The API definition in the snippet above references something called UserController, which doesn’t exist. Let’s create a skeleton:

  • Kotlin
  • Java
package io.javalin.example.kotlin.user

import io.javalin.http.Context

object UserController {

    fun create(ctx: Context) {

    fun getAll(ctx: Context) {

    fun getOne(ctx: Context) {

    fun update(ctx: Context) {

    fun delete(ctx: Context) {

package io.javalin.example.java.user;

import io.javalin.http.Context;

public class UserController {

    public static void create(Context ctx) {

    public static void getAll(Context ctx) {

    public static void getOne(Context ctx) {

    public static void update(Context ctx) {

    public static void delete(Context ctx) {


This defines a simple CRUD API for User objects.

If you run the code as it is now, Javalin will generate the following documentation:

OpenAPI screenshot

Hey, that’s pretty good! It doesn’t contain detailed information about the different requests or responses, but the basics are already in place. You can see the five different endpoints, their verbs and path params, and the default responses (500, 503) that we specified in our Main class earlier. The ErrorResponse we referenced for those two status codes is also listed as a Schema.

Adding annotations

While what we have currently is better than nothing, it doesn’t say much about how the endpoints actually behave. To improve the documentation we can add annotations to the handlers.

Let’s start with Get users:

  • Kotlin
  • Java
    summary = "Get all users",
    operationId = "getAllUsers",
    tags = ["User"],
    responses = [OpenApiResponse("200", [OpenApiContent(Array<User>::class)])]
fun getAll(ctx: Context) {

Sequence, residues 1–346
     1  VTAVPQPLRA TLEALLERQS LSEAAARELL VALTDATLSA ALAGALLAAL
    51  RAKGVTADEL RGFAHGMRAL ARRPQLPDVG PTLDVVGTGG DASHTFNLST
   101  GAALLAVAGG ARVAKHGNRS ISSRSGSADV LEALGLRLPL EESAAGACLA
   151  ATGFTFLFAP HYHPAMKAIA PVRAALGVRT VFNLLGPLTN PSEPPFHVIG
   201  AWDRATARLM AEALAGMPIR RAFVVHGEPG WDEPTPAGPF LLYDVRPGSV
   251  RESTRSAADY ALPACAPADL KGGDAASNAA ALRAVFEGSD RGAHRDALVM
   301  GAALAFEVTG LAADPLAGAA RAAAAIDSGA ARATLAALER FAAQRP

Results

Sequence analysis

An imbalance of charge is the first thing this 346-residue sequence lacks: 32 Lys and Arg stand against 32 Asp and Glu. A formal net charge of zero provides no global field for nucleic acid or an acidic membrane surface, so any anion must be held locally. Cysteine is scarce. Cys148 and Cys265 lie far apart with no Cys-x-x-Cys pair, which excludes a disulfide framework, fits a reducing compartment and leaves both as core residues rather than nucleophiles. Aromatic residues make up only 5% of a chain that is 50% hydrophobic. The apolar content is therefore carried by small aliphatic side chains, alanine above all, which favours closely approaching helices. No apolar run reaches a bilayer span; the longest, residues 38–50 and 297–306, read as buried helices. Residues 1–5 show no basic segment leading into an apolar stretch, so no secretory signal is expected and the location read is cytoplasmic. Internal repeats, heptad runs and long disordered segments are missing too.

path = "/users",            // only necessary to include when using static method references
    method = HttpMethod.GET,    // only necessary to include when using static method references
    summary = "Get all users",
    operationId = "getAllUsers",
    tags = {"User"},
    responses = {
        @OpenApiResponse(status = "200", content = {@OpenApiContent(from = User[].class)})

We’ve created a UserService and a User class. This is not too relevant for OpenAPI, so we’re not showing them in the tutorial, but everything is available on GitHub.

Let’s go through the different properties:

  • summary - Will be used as a title, both in web docs and in client docs
  • operationId - If you generate a client from the OpenAPI spec, this will be the method name
  • tags - Used to group endpoints
  • responses - Describes the status codes and data models the endpoint can respond with. This particular endpoint can only answer with an array of User objects (or the defaults 500/503 we defined earlier)

Let’s see what our docs look like now if we restart the server:

OpenAPI screenshot

Cool! The title has been updated to match our annotation, a new User category has been added, and a Schema for User objects is available (under ErrorResponse).
We can explore the Get all users endpoint further by clicking on it:

OpenAPI screenshot

We see that it takes no parameters, and that it will respond either with a 200 and an array of User objects, or with 500/503 and an ErrorResponse.

If you’ve cloned the repo, you can try clicking the Try it out button now, which will give you an array of four users.

Let’s document the Update user endpoint, which takes some input and has multiple responses:

  • Kotlin
  • Java
    summary = "Update user by ID",
    operationId = "updateUserById",
    tags = ["User"],
    pathParams = [OpenApiParam("userId", Int::class, "The user ID")],
    requestBody = OpenApiRequestBody([OpenApiContent(NewUserRequest::class)]),
    responses = [
        OpenApiResponse("400", [OpenApiContent(ErrorResponse::class)]),